Part of the self-study college football coaching staffs do during bye weeks involves statistical research. Second-year Kansas University football coach Charlie Weis shared one trend Tuesday that eats at him.
On third down with less than six yards to go for a first down, Kansas is doing “fine,” Weis said and added the Jayhawks are “crummy” on third-and-6 or more.
Juicing the offense, he continued, will require either becoming more efficient on third-and-long or getting into fewer such down-and-distance situations.
I did a little statistical research to see if there might be a way to help the second part of the equation, getting into fewer third-and-long binds.
First-down play calling always makes for interesting conversation, so I compared how Kansas does when it runs the ball on first down to how it fares when running a pass play. First-and-goal plays were excluded from the statistical study.
Loaded with talented running backs and shy of productive receivers, Kansas has a better running game than passing game, so defenses tend to shade their defensive game plans to stop the run.
Weis said Tuesday the essence of his play calling is to “play to our strengths and hide our weaknesses.”
For the most part, Weis has done so with his first-down play calling. Kansas has run the ball 57 percent of the time on first down.
Generally speaking, running on first down has been a good idea in the area of avoiding third-and-long mountains to climb. Passing on first down has resulted in far more third-and-6-or-more pickles.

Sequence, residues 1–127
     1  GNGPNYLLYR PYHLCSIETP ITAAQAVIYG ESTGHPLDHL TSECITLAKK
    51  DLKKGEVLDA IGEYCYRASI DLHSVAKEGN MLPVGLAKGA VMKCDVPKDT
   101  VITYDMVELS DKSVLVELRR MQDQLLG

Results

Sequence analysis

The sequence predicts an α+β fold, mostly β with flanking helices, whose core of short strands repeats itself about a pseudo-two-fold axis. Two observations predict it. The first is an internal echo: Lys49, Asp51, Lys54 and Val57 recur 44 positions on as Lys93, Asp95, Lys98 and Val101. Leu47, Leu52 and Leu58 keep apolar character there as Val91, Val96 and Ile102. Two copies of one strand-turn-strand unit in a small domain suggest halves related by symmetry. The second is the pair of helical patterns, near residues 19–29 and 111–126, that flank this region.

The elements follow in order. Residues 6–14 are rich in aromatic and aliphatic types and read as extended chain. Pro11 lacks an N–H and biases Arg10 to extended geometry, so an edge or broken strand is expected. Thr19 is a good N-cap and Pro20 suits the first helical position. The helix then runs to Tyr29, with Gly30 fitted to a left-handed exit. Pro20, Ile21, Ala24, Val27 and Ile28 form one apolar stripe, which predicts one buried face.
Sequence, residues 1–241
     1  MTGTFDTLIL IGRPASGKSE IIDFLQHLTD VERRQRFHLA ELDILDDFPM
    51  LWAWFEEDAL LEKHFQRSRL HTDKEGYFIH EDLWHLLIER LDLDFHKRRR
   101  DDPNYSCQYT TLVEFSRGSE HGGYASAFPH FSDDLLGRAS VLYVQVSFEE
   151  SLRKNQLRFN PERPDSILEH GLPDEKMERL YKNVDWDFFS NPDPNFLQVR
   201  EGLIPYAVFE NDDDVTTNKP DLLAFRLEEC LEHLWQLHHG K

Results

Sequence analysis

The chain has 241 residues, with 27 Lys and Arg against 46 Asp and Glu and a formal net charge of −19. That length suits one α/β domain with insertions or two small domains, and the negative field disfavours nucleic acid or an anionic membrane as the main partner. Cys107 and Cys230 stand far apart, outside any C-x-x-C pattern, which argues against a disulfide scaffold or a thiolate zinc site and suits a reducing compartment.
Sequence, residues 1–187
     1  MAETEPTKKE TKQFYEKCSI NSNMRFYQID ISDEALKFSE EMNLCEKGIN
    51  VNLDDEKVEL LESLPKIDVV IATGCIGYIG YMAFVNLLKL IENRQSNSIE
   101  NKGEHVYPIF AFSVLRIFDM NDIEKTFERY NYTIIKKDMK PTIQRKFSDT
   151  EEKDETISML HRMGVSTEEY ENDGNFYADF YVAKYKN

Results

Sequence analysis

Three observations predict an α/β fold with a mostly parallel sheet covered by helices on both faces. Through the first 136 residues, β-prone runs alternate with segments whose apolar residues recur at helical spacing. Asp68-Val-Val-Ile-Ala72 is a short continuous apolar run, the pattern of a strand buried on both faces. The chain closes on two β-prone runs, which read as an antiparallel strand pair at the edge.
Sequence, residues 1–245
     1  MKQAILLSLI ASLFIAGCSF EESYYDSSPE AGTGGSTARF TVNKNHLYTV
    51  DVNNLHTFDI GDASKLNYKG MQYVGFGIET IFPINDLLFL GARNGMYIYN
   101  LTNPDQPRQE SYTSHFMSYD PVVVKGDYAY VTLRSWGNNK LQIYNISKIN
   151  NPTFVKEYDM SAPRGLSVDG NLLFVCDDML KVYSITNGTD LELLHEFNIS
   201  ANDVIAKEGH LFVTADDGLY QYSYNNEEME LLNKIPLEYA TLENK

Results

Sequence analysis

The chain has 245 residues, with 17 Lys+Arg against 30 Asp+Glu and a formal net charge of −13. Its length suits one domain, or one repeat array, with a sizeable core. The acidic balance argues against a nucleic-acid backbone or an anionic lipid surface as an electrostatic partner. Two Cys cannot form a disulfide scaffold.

Third-and-5 certainly isn’t a good outcome, but for the sake of this argument, we’ll put anything third-and-5 or better in the positive column, third-and-6 or worse in the negative. If there is a first down or touchdown on first or second down, that goes in the positive column, a turnover in the negative.
Running the ball on first down has led to a positive outcome 72 percent of the time, third-and-6 or worse 28 percent of the time. Passing the ball on first down has resulted in a positive outcome just 57 percent of the time, a negative result 43 percent of the time.
The greatest disparity came in the Rice game, in which Kansas called running plays 11 times on first-and-10 and called 12 passing plays. When running on first down, 73 percent went in the positive column outlined above, 27 in the negative. When passing on first down against the Owls, only 25 percent went positive, 75 percent negative.
Against a Louisiana Tech defense, the strength of which was up front, passing on first down actually worked better, with a 76-percent positive rating passing, compared to a 64-percent positive rating running on first down.
No matter the vantage point, Kansas grades out as a run-first offense. But can the line block well enough to support that approach? It can if the blockers improve technique and chemistry each week — always a possibility, never a given.